NW: Yeah, hopefully I can. It’s really a wonderful thing when those two worlds come together. When I’m doing them separately, I think I’m equally passionate about both but I’ve been really lucky because I haven’t had to pick one or the other.
Q: Do you think you’ll do an album that’s inspired by a film idea or a film that’s inspired by an album?
NW: That would be really interesting. I know music plays a very important part for me on set. I’m always listening to music and it’s nice to have a playlist given to you by the director because you can listen to that. I know as a performer, sometimes I can feel a little uncomfortable and I find myself building an onstage character and I don’t think I could do that without being an actor.
Q: Did you see High Fidelity?
NW: I love that. I read the book too.
Q: You and Greg Kinnear have great chemistry with each other in the movie. What was it like working with him?
NW: Great. I was a huge fan of his before I did the movie. He was one of my idols and I’m even a bigger fan now. He’s a wonderful actor but he’s really calm onset. He always seems like he’s not working that hard but in reality he is.
It took me a while to realize that he’s just laughing with the crew but is in reality making himself comfortable enough to do his thing.
LL: He apparently would call Josh at all hours of the night with random thoughts and ideas. He thought of very tiny thing to. Like the scene where Rusty takes Kate back to his house, he was just supposed to walk in and have a quick conversation with us and then leave and he did the smallest thing but it was so brilliant because it made him more human, he got a bowl of cereal and it makes the whole scene.
Q: What about how was working with Jennifer Connelly who plays your mother in the film?
NW: What’s great about her is she’s not going to be working on a movie unless she really cares. She cared so much about this project that it spread to everyone.
The only actress that I’ve worked with who is as easy to work with as Jennifer is probably Liana. It’s weird that they’re not playing mother or daughter because they are really similar in a way. Acting with both of them is like breathing air. It’s just so easy. They give so much.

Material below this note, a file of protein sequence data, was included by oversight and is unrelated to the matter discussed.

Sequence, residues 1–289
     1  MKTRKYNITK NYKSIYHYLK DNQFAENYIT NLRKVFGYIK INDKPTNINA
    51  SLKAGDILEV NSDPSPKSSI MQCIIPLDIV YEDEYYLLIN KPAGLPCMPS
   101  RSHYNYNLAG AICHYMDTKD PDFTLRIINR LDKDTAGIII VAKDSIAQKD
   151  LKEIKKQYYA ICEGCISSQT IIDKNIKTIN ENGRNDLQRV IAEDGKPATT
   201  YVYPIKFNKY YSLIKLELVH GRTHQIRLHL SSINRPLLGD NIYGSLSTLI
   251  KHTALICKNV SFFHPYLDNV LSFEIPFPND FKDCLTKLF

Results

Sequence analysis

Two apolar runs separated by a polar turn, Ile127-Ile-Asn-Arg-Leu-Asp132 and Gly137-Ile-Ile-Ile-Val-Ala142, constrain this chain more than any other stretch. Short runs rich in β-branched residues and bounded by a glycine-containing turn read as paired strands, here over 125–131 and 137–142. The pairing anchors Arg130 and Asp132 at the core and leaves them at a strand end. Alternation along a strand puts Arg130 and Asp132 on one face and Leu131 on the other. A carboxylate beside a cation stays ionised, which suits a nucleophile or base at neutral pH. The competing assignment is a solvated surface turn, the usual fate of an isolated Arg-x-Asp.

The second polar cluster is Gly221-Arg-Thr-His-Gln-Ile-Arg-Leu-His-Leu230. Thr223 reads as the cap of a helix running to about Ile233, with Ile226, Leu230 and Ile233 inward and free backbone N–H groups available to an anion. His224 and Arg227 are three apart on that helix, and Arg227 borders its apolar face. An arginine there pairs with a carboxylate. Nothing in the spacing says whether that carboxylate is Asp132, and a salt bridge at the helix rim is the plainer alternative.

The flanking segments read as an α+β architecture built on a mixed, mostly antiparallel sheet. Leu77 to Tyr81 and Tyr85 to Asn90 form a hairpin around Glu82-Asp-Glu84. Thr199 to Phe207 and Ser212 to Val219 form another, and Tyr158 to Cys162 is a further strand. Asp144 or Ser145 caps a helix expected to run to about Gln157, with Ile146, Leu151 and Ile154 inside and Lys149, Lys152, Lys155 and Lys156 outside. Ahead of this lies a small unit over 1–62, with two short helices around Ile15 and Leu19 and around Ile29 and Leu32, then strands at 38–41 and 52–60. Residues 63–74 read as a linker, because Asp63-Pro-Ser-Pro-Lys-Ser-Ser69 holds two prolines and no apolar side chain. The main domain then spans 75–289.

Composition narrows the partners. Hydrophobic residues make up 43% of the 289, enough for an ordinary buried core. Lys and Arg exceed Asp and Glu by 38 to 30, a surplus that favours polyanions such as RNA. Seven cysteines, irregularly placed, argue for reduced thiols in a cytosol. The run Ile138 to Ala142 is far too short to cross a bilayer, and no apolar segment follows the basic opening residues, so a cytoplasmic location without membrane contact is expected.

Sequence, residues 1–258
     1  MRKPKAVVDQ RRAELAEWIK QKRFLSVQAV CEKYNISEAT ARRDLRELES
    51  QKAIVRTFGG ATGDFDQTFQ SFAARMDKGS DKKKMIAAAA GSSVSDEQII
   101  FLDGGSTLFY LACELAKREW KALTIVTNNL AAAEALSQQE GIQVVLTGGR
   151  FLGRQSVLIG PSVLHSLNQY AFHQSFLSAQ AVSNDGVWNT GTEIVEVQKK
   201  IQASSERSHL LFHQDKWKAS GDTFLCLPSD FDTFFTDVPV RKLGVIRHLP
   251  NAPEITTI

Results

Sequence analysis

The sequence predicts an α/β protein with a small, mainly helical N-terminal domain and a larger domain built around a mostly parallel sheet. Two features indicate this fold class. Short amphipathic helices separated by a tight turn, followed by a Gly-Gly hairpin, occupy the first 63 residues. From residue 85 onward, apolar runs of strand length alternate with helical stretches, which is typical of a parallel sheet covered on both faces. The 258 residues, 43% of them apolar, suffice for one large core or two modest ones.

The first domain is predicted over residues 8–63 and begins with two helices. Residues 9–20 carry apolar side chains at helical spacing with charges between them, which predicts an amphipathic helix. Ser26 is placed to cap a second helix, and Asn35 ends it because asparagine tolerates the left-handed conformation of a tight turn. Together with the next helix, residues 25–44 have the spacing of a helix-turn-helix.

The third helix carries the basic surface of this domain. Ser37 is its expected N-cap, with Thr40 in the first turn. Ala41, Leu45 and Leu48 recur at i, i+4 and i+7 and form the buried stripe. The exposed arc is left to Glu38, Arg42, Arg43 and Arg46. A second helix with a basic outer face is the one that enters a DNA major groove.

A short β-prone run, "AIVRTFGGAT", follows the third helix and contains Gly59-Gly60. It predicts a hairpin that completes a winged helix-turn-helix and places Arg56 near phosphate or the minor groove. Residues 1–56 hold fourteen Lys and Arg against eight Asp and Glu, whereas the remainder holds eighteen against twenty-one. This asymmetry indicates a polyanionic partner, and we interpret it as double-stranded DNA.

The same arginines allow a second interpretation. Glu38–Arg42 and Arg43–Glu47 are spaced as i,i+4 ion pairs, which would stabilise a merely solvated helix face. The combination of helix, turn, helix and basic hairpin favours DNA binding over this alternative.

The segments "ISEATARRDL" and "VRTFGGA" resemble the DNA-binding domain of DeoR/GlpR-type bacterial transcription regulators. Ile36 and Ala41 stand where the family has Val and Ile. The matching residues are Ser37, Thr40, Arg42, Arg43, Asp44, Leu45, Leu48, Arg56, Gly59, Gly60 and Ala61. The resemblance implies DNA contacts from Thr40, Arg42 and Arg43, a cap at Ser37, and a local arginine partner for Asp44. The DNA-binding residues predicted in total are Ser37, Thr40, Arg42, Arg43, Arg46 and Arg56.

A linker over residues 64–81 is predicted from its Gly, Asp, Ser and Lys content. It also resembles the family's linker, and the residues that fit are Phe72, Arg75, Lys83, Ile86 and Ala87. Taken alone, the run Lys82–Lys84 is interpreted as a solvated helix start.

Q: Have you made any lists of songs and records that you’ve been listening to lately?
NW: Of course. Top bands would be The Beatles, The Clash, The Stones, The Replacements. I’m just thinking bands because can’t get into songs. Probably Simon and Garfunkel too.
LL: He’s so much more present in music than I am.
Q: What about movies then?
LL: Don’t ask me that either. I don’t know.
Q: Try one off the top of your head.
NW: I gave her a list of movies to watch myself.
LL: I’m going to say this and you’re going to think it’s really cliche because apparently every single girl says this but one of my favorite movies is Girl Interrupted. That’s one of my favorites.
A really recent movie that I have a strange obsession with is 127 Hours. I just love that movie.
NW: We saw Blue Valentine together and that movie is unbelievable.
Q: What are you doing next?
NW: I did a movie called Behaving Badly with Selena Gomez which was a wild scene, we called it Ferris Bueller on crack. I also did this movie called Palo Alto with James Franco. I play what is the devilish version of James when he was a kid. There’s the angel version done by someone else and I’m the evil version. I played a really awful guy and it was fun.
LL: A week ago, I left Colorado having just finished a film called Dear Eleanor with Jessica Alba, Luke Wilson and Josh Lucas.